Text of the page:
- Historic Sites
Goggles & Side Curtains
The roads were terrible, and posted badly or not at all; you had to equip yourself against a hundred mishaps, ninety-three of which actually happened--but you were often up to your hubcaps in pleasure.
April 1967 | Volume 18, Issue 3
From there it was but a short step to the motel. As far as can be ascertained now, the term originated with a California architect, Arthur S. Heineman, who opened a motor court at San Luis Obispo in 1925 which he called “The Milestone Motor Hotel.” Designed in the mission style, it consisted of a series of detached cabins arranged around a court behind a main building that housed the office. The first motel lacked, it is true, room TV, skeet shooting, saunas, a thirty-two-lane bowling alley, and an indoor swimming pool with fireplace. But the owner did provide a lounge and dining room. According to a possibly apocryphal story, Heineman couldn’t get the full name of his hotel on his roadside sign, and coined the word “motel.”
After World War I, when automobiles had acquired front and rear bumpers and passengers were enclosed in the protective all-steel sedan, the motorist expected as a matter of course to find at every service station free air, free water, free windshield and crankcase service, free comfort conveniences, and an old tire, painted white, advertising FLATS FIXED. On the road he could count upon such amenities as a dog wagon offering red hots, or a pretty tea house with screened porch, ruffled curtains, pottery glazed in apple green, and “Home-Cooked Meals.” More and more tourists gladly exchanged cash for experience, and returned home, like all travellers from time immemorial, with strange tales of marvels seen and heard, and the insignia of high adventure pasted on the windshield—the red deer symbol of Mount Rainier or the green buffalo of Yellowstone Park. As Stephen Vincent Benêt sang in his unfinished epic, Western Star, “I think it must be something in the blood” —and tourism made it a something remembered as land, clouds, history, sounds, smells, people. And, of course, as signs flashing smoothly by: KIWANIS CLUB MEETS EVERY TUESDAY , VISITORS WELCOME … CLEAN REST ROOMS … SEE THE HISTORIC SHRINE … SMOKE BULL DURHAM … HOT FRANKS AND GLADS … DON’T MISS THE CAVERNS … ANTIQUE SHOPPE … WILD SAGE HONEY 100 YARDS AHEAD .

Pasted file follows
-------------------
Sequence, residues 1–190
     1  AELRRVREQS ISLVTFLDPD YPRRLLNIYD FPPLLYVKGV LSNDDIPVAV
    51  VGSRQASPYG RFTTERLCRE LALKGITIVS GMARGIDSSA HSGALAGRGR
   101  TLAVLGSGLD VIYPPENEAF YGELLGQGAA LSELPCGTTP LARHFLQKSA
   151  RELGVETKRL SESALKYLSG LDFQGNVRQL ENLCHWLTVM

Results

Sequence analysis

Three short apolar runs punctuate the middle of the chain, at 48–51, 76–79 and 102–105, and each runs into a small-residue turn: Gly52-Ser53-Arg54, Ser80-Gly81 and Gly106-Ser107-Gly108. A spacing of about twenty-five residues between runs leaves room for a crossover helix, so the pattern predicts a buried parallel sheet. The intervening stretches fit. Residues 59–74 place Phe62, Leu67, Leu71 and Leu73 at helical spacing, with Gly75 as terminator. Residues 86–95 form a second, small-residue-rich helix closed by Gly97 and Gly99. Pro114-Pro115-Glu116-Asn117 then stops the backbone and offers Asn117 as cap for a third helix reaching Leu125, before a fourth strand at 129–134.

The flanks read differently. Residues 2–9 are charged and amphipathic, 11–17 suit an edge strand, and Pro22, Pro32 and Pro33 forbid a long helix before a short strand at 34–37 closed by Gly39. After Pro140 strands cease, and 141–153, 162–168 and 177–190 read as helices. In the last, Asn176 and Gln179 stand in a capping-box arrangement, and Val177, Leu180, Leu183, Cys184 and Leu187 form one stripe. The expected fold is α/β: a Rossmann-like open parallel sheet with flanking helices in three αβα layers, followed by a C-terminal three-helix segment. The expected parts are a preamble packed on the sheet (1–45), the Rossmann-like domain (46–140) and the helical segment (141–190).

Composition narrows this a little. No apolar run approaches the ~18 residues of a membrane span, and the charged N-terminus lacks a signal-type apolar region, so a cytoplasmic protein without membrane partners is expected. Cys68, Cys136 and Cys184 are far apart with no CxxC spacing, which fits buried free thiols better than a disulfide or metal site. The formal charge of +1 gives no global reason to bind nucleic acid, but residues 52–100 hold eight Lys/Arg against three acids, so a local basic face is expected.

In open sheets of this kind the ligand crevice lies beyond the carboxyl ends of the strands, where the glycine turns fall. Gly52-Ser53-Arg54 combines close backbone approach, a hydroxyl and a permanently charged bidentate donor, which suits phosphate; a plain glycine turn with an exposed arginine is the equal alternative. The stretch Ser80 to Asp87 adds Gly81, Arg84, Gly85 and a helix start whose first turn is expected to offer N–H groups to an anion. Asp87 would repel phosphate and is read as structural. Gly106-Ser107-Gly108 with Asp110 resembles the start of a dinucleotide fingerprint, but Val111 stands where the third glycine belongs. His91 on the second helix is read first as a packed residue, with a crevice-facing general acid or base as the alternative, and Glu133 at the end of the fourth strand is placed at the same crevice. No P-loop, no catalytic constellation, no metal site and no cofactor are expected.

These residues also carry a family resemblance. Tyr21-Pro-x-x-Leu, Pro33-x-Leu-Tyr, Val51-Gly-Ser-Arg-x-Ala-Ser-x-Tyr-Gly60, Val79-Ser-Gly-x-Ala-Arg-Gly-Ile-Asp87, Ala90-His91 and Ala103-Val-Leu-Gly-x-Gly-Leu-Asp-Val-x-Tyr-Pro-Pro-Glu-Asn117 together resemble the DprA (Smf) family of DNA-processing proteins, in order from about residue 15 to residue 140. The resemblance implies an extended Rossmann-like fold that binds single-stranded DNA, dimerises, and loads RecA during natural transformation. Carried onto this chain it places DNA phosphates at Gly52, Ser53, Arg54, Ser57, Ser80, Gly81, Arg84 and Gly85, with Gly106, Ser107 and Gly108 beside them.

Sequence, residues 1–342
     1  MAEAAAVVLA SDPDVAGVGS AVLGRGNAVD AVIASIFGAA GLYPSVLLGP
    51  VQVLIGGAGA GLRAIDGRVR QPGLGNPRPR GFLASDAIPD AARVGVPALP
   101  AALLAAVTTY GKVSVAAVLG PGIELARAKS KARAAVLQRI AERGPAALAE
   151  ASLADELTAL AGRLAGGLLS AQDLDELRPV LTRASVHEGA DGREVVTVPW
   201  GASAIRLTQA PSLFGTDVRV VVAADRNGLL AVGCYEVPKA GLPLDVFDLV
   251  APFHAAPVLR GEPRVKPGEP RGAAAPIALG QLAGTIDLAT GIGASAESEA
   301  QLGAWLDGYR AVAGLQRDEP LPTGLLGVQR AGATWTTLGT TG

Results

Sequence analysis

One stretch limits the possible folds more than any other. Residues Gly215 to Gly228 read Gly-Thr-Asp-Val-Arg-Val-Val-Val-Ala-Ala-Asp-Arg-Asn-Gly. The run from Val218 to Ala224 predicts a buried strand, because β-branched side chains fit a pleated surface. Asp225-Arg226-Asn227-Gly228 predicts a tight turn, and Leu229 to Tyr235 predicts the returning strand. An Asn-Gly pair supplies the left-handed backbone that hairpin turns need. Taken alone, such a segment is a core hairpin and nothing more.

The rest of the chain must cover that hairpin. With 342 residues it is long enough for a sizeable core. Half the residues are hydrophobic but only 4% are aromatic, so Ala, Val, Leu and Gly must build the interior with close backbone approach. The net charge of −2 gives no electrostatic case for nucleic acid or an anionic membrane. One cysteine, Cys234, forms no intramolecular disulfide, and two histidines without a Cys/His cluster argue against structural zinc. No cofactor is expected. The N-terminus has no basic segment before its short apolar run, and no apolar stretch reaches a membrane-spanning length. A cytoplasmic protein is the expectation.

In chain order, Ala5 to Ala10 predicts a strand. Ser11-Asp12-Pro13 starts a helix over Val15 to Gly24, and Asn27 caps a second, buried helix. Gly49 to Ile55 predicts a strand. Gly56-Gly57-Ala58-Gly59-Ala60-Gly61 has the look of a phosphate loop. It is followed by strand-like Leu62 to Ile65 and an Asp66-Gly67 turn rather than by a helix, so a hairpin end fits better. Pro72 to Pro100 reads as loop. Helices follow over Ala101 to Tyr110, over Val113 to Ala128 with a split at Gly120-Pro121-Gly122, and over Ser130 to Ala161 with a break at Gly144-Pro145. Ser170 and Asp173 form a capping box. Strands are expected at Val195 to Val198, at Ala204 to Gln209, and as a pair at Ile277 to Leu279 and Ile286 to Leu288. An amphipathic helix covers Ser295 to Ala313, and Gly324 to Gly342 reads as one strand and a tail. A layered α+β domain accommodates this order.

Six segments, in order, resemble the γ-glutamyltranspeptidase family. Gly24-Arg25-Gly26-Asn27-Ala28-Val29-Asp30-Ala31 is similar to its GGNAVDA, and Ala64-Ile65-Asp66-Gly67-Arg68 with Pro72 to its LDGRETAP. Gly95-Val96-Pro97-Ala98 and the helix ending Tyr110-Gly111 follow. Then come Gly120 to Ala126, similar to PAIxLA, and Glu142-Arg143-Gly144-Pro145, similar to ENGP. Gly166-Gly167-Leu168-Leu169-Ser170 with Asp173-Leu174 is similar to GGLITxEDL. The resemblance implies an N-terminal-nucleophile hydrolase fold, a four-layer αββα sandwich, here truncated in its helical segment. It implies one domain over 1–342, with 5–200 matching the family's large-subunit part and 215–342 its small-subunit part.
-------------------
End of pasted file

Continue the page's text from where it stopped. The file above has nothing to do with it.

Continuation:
The Open Road was, at last, open.